In the past, etiquette used to dictate spending at least as much as the “price per plate” of the wedding in the mistaken idea it was necessary for guests to make up for what the bride and groom were spending to have them attend. However, because wedding costs can vary widely depending on location, tradition, the couple’s budget and the growing trend toward minimalism, this rule has become outdated. Instead, The Knot recommends reserving about 60 percent of your gift budget for a wedding present.
What does this look like in actual dollars? A study by American Express revealed friends of couples spend an average of $99 on wedding gifts. Family members spend around $127. A review of The Knot’s registry shows slightly lower spending for friends at an average of $79 but higher for family members, who spend closer to $146. General recommendations suggest you spend at least $50, between $75 and $100 if you’re a distant friend or co-worker and between $100 and $125 if you’re a close friend or relative.
As with the bridal or wedding shower, consider how well you know the couple when budgeting for your gift. Also take into account the expenses associated with attending the wedding, including travel, hotel and food. If you can’t manage the minimum of $50, it’s acceptable to pool funds with other guests in similar situations to purchase a larger item for the bride and groom. For example, if you know they need a good dining room set or a washer and dryer, get in touch with other guests to find out who’s willing to go in on such a purchase. This way, you can give the couple a practical gift they’ll appreciate and can use for years without stretching your budget too thin.
If you’re close to the couple but are unable to attend, it’s considered good manners to send a gift. Distant relatives and acquaintances who can’t make it to the ceremony can send a card or small item instead of a larger present.
What to Shop For
Weddings are one of the easiest events to shop for because couples provide gift registries to help guests decide what to give. Registry information isn’t included on invitations but may appear on shower invitations, wedding websites or “save the date” cards. All you have to do is browse the registry and pick a gift you can afford. Start shopping early to avoid being left with only a few items from which to choose.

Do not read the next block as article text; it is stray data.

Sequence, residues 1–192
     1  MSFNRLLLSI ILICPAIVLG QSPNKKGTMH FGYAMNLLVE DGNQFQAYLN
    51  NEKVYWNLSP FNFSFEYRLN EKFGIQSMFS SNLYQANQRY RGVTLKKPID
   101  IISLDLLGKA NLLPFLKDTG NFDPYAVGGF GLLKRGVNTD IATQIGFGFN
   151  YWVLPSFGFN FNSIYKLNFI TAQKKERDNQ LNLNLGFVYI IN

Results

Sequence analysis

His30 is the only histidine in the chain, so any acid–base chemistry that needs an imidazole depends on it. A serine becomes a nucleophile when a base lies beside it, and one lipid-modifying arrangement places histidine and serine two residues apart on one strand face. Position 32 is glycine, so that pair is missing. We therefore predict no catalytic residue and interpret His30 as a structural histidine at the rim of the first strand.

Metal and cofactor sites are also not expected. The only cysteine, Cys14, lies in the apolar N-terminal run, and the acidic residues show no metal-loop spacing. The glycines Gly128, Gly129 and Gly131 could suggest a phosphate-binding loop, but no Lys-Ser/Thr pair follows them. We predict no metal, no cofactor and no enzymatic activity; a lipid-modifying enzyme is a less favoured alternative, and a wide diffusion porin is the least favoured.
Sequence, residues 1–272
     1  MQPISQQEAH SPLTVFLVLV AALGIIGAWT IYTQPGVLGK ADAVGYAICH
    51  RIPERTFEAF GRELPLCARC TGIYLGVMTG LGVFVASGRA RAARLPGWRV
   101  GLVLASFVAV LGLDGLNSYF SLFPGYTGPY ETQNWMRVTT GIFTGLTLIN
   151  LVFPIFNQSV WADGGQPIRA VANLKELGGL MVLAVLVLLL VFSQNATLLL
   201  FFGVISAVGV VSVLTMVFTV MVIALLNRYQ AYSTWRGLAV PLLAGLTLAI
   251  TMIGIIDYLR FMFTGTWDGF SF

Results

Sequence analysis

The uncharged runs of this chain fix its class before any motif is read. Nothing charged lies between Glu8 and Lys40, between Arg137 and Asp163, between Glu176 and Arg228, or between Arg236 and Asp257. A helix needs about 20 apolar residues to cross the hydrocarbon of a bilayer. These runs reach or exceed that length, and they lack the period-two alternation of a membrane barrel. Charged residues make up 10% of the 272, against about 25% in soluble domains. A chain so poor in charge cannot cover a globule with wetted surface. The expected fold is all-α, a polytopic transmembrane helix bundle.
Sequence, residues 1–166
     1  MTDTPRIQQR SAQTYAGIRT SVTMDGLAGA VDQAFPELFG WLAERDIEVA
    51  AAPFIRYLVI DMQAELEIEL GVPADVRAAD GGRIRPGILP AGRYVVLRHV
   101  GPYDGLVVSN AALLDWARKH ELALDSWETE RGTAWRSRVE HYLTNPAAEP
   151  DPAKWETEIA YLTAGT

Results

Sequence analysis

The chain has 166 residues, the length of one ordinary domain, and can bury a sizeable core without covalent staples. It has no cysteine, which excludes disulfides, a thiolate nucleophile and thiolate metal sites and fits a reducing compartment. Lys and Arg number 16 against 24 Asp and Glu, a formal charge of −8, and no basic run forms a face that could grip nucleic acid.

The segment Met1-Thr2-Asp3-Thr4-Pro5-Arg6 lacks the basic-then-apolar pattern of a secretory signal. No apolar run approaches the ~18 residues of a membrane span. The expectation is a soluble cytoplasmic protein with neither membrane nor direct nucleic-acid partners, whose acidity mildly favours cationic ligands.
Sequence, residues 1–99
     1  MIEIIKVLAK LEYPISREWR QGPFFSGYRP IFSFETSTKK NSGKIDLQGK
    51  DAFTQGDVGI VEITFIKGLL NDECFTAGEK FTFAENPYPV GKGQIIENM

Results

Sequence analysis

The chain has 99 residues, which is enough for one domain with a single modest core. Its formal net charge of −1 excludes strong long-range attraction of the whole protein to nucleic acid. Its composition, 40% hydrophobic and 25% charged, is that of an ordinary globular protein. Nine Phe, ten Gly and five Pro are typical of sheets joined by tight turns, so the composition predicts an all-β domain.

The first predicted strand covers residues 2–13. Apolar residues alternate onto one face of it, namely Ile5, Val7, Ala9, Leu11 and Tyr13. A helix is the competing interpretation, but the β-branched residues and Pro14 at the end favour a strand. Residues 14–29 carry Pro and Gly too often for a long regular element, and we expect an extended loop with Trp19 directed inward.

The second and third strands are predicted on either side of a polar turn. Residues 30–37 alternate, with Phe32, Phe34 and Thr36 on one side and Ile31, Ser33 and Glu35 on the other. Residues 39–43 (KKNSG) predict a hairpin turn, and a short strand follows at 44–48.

Household goods, including bakeware sets, utensil sets and blenders, are the most common gift requests found in registries. Because couples are just starting out, these kinds of practical items make the most sense as wedding presents. If you know the couple well enough, it’s okay to go “off registry” and get them something you’re sure they’ll appreciate, but avoid novelty gifts with little or no useful function.
Other acceptable gift ideas include:
- Luxury bedding or bath sets
- Gift cards from stores where the couple is registered
- Subscriptions to digital services, such as Amazon prime
- An appropriate item “of the month” club
If you’re really not sure what to get, consider a cash gift. Giving cash is becoming more common, and some couples actually prefer to receive money. The average amount of a cash wedding gift is about $150, but give what you feel is appropriate for your budget and your relationship to the couple. As with the engagement party, if the couple requests guests not bring gifts, you’re not obligated to present them with anything.
When to Give
Unless the registry indicates otherwise, wedding presents should be shipped to the couple close to the date of the wedding. If you’re unable to send a gift on time, don’t believe the unwritten “rule” of having up to a year to give something. Make your purchase and have the item shipped no more than a couple of months after the ceremony so that the bride and groom don’t think you’ve forgotten about them.
Although some traditions still hold with having a gift table at the ceremony, it’s become customary at most modern weddings for all gifts to be sent ahead. The easiest way to send a gift is to let the registry site take care of the wrapping and shipping. If the couple registers at a physical store, send the gift yourself instead of bringing it along. Shipping the gift is also preferable if you have to travel to the wedding so that you don’t have to worry about it becoming damaged during the trip.